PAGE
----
Thank you! nice and concise Anan.
Originally Posted by splendra View Post
does anyone feel that there is ritual involved in addiction? I am not talking about placing people on alters or anything like that. Ritual: is a set of actions, often thought to have symbolic value.
There were some rituals in my drug use although for me they there were irregular as for time and day. The whole copping and using dope is very ritualistic. A real defined pattern of behaviors and emotions are involved. And once habituated the patterns seemed played out automatically mentally/emotional with or without dope, especially when constantly triggered by internal or external cues. I could describe being high as quasi-spiritual. The transit feeling of security, empowerment, connection and all the other feelings one gets from a spiritual practice are mostly there for me. Yea until the crash, then there's the return of suffering with severe addiction.
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Old 11-26-2008, 12:35 PM
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Religion:something one believes in and follows devotedly

I believed I would have another drink and I was very devoted to finding a way to get drunk.Alcohol was my god...
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Old 11-26-2008, 02:55 PM
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Yep...my drug use was much more ritualistic....We called one guy the "bong master" cause he loaded up the pipes. We had set music and all kinds of sutble stuff...and yeah that feeling of you and me against the world...i see alot of similarity.

I'm pretty big on that spirituality doesn't really have anything to do with emotions though...spirituality is something that exsists or doesn't i guess regardless of how i feel in any particular moment...mistaking emotionalism for sprituality was a big mistake of mine at one point
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Old 11-26-2008, 10:37 PM
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Originally Posted by ananda View Post
I'm pretty big on that spirituality doesn't really have anything to do with emotions though...spirituality is something that exsists or doesn't i guess regardless of how i feel in any particular moment...mistaking emotionalism for sprituality was a big mistake of mine at one point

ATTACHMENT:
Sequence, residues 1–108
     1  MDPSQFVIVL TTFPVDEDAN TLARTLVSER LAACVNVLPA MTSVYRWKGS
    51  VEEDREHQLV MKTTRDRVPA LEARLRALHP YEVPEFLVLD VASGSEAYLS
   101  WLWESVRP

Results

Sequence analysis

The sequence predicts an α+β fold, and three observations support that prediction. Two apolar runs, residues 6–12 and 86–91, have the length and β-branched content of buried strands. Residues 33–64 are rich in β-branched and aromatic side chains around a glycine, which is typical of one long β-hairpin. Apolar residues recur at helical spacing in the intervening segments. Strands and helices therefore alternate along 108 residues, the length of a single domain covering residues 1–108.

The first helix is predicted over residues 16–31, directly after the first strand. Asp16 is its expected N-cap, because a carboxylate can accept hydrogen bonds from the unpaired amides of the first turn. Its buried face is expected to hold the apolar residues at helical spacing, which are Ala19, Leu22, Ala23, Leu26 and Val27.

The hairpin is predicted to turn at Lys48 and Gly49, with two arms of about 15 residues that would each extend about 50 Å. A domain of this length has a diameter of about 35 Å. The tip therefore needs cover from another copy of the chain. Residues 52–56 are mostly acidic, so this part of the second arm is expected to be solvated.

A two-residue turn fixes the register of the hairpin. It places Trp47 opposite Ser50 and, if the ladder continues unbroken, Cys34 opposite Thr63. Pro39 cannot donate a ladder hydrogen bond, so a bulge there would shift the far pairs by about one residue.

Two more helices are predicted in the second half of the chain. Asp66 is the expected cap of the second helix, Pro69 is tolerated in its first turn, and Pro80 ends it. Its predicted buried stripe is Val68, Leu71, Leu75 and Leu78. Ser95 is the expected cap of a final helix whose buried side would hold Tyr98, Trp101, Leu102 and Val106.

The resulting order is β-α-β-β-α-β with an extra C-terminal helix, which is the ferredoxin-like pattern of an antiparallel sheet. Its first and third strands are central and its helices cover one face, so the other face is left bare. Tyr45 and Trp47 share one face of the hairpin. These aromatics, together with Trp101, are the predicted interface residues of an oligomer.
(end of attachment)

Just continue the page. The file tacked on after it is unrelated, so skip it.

I can see that

What I strive for in my spiritual practice is a experience of connectedness to 'the whole deal' and that can bring forth emotions in me like; hope, calm, peace, content,... The experience itself seems like a state of 'being' rather than a state of depending. Regardless of my emotionally state, my spiritual experience remains independent of my feelings and not depending on how I feel.
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Old 11-27-2008, 03:54 AM
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I don't know if addiction is a religion, but if you subscribe to the idea that your god is whatever you put first in your life, it probably is. Like Splendra, alcohol was my god. I do know that recovery becomes a religion to many. Real life Stuart Smalleys whose manner of speaking is recovery speak, social circles are centred around other people in their recovery group and points of reference all go back their addiction. It kind of creeps me out.
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Old 11-27-2008, 05:26 AM
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For me my addiction to alcohol became my jailer...my captor of sorts, never my higher power...to tell the truth I have a hard time understanding the ideology surrounding all the talk of HP's...what they are and what they are willing to do. I prefer to stick with the religion of my childhood...as such much of the information given out at meetings goes against my beliefs. No worries however since a belief in God is not necessary to obtain and maintain sobriety.
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Old 12-01-2008, 08:55 AM
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I never could understand the difference between the two. Oh well. Sucks being stupid.
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Old 12-13-2008, 08:50 AM